Updates

New 04 Jan 2019 : On 2 January 2019, RFE/RL said it will appeal to the Supreme Court of Russia to throw out the 100,000 ruble fine imposed on it in July 2018 under the "foreign-agent" law. On 13 December 2018, the Moscow City Court rejected RFE/RL's appeal following the 21 August 2018 district court decision upholding the fine that was imposed over what the courts ruled was RFE/RL’s failure to comply with obligations to report on its operations in Russia following the designation of it as “foreign agents” by the Justice Ministry in December 2017. RFE/RL has paid the fine but contends that it was unable to fulfill the reporting requirement by the 15 April 2018 deadline because the Justice Ministry, despite repeated requests, failed to provide forms and set out the details of the reporting procedure in a timely manner.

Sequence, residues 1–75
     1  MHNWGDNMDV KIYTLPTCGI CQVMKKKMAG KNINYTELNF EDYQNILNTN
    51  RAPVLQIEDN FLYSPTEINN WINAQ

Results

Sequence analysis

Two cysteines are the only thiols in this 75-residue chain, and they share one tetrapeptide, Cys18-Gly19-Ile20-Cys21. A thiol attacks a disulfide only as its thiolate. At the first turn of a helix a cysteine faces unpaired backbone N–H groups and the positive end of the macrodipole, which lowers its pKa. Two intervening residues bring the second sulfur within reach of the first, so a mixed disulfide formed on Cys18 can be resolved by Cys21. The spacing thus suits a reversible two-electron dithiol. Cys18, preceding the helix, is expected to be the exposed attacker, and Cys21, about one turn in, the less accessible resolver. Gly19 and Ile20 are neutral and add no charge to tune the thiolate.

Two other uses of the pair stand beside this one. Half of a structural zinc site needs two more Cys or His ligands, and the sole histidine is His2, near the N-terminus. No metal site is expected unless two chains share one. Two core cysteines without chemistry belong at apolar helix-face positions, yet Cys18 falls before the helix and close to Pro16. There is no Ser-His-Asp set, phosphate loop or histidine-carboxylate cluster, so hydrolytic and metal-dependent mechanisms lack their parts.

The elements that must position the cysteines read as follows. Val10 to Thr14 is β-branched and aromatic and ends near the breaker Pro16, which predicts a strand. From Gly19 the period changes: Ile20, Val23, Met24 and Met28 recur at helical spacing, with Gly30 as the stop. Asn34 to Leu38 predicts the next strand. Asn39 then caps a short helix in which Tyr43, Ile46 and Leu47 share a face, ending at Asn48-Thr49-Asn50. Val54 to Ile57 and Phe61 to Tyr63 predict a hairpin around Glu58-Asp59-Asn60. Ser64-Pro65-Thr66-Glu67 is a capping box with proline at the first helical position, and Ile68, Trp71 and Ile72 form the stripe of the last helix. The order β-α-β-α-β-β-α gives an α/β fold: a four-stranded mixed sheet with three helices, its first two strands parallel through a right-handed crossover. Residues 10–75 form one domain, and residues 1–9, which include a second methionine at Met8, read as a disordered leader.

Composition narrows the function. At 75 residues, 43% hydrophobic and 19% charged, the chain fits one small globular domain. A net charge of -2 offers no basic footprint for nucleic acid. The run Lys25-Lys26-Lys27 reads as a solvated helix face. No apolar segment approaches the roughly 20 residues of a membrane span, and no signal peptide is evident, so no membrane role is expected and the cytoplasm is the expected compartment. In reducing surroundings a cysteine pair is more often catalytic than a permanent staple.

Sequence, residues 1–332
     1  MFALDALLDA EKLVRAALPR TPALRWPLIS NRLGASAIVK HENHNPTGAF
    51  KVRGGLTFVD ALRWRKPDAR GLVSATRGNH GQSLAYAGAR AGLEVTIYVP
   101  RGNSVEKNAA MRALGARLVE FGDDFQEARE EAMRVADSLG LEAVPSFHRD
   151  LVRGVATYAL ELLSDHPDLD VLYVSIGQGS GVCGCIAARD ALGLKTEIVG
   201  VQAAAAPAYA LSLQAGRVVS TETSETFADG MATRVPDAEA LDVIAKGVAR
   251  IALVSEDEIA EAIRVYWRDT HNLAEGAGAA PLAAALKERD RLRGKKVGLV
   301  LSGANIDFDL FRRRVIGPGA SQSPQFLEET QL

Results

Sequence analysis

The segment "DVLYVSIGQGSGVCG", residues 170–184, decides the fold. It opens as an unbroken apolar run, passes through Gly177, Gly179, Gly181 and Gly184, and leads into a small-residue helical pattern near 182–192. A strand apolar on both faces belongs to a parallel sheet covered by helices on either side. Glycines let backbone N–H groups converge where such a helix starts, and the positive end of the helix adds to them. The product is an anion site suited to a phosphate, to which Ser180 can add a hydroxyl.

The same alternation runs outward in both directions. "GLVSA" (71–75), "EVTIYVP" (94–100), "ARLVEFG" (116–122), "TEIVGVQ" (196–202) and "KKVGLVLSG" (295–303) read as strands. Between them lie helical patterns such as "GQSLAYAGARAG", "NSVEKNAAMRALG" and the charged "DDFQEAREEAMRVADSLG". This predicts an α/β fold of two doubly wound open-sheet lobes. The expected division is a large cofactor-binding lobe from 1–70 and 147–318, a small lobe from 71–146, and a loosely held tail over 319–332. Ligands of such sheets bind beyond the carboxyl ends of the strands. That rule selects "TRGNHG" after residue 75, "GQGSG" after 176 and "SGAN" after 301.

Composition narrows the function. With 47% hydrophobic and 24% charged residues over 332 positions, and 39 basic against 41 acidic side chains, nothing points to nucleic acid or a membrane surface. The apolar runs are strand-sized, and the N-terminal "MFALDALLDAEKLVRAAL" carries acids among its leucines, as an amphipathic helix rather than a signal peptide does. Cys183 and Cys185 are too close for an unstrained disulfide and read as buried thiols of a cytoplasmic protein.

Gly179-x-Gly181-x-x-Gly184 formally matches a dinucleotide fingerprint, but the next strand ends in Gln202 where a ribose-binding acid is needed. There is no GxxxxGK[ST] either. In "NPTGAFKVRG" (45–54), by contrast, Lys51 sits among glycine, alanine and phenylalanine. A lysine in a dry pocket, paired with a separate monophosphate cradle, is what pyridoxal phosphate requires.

06 Dec 2017 : On 5 December 2017, Russia`s Justice Ministry announced that it had designated nine U.S. government-funded press outlets as "foreign agents". The list includes Voice of America, Radio Free Europe/Radio Liberty and seven other affiliates.
27 Nov 2017 : On 25 November 2017 the amendments to the “Foreign Agents” Law were signed by President Putin, thus officially coming into force.
22 Nov 2017 : On 22 November 2017 the upper chamber of the Russian parliament approved the amendments to the “Foreign Agents” Law, extending it to media outlets. The law is now awaiting signature by President Putin.

Follow-ups